Monthly Archives: October 2013

Books Acquired Recently

Gundy, Jeff. Songs From an Empty Cage: Poetry, Mystery, Anabaptism, and Peace. Telford: Cascadia, 2013.

Jeff Gundy is one of my favorite poets, and he is also a friend of mine, so I buy anything he publishes. But I am especially excited about this book, which investigates the intersection between poetry and the transcendent. Gundy is one of the few active theorists in the small field of Mennonite literature, and to have him publish a new book of theory is a major event.

Spark, Muriel. The Prime of Miss Jean Brodie, The Girls of Slender Means, The Driver’s Seat, The Only Problem. New York: Everyman’s, 2004.

I was recently reading Patricia Waugh’s Metafiction, which discusses several of Spark’s novels in an engaging enough way that I decided I needed to read some of Spark’s work. I was happy to discover that Everyman’s Library has a volume of her fiction. I find the volumes in this series aesthetically delightful, especially their ribbon bookmarks. Note that, as I discuss in my post from 12 September 2013, because the title of the volume consists of titles of books, only the commas within the volume’s title get italicized.

Timms, Rachel, and Laurence Hayes. Whatever You Want: A Choose-Your-Own-Adventure Novel. New York: Regan, 2003.

I recently read about the phenomenon of adult (and yes, this term does have a double meaning in the present instance) Choose-Your-Own-Adventure books. I enjoyed this type of book as a boy, and as someone who studies formal developments in fiction I am eager to see what kind of reading experience Timms and Hayes’s book offers.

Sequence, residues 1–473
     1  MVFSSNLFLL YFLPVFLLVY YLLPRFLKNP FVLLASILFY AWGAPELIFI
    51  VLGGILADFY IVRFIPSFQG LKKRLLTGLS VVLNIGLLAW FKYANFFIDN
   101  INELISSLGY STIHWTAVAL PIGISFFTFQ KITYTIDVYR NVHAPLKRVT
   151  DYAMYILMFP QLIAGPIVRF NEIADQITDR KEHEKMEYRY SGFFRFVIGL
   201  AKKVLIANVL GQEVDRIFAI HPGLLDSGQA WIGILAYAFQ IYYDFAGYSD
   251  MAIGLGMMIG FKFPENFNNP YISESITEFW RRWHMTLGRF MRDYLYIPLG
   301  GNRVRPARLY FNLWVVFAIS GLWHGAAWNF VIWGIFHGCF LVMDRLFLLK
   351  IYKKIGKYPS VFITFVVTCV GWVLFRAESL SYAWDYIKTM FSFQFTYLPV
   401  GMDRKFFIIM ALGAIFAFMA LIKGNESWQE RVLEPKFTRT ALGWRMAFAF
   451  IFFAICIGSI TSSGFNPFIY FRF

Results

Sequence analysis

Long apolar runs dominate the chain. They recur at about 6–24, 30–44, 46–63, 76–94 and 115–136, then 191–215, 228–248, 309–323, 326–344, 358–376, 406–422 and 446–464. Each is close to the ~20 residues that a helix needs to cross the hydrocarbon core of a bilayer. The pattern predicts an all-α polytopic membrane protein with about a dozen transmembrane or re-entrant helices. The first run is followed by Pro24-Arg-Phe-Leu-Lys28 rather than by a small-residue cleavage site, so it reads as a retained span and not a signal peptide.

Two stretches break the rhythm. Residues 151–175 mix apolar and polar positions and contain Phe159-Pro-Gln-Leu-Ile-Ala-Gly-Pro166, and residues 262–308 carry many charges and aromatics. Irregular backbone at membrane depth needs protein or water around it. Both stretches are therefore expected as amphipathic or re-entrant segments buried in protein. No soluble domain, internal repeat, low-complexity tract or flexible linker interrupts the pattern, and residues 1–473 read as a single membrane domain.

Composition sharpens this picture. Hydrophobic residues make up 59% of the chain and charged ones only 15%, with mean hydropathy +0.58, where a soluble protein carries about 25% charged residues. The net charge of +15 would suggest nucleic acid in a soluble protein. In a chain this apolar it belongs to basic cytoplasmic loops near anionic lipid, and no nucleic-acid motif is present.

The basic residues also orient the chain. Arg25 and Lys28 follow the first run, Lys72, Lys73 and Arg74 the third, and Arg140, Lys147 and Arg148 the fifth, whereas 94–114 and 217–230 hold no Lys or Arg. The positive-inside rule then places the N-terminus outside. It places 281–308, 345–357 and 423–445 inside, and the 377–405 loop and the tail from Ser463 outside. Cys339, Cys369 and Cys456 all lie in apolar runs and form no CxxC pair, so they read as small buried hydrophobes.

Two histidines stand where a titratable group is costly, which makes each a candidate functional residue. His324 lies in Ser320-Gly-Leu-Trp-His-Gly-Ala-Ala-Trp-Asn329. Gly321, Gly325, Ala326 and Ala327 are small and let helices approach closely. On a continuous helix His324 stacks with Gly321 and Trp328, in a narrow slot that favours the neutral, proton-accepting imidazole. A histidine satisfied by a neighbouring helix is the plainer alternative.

All three books were purchased on amazon.com.

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Thinking About The Mezzanine and Participating in Capitalism

I was re-reading Nicholson Baker’s The Mezzanine this afternoon because I am teaching it in my American Literature After 1945 class tomorrow, and I was struck by a passage that I hadn’t thought about much before (which is the beautiful thing about the novel: basically every paragraph is thought-provoking if it hits one in the proper frame of mind, thus making the book eminently re-readable because different passages will stand out at different times of one’s life). The narrator describes mailing a batch of varied correspondence and his subsequent feeling of importance:

“I became aware of the power of all these individual, simultaneously pending transactions: all over the city, and at selected sites in other states, events were being set in motion on my behalf, services were being performed, simply because I had requested them and in some cases paid or agreed to pay later for them” (21-22).

While not all of the correspondence that the narrator sends is financial in nature (e.g., he mails a letter to his grandparents), what struck me is that part of why capitalism survives is that it parcels out bits of fun to everyone when we buy things, even during seemingly small transactions. I suppose this is simply another way of saying that commodity fetishes exist, but nevertheless, it is necessary to note that we support the system just as much when we make a few small, aesthetically-pleasing purchases as when we buy a house because society teaches us that such a purchase is necessary to be considered “successful.” I happened to run several small capitalistic errands today, acquiring a variety of goods: a tank of gas, a snow shovel, a wine decanter (my favorite purchase), some trail mix, and a cup of coffee at a locally-owned coffeehouse. I had the same subtle, pleasing sense of accomplishment as the narrator does, which highlighted just how deep into the system I am.

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Books Acquired Recently

Bornstein, Kate. Gender Outlaw: On Men, Women, and the Rest of Us. 1994. New York: Vintage, 1995.

Bornstein, Kate, and S. Bear Bergman, eds. Gender Outlaws: The Next Generation. Berkeley: Seal, 2010.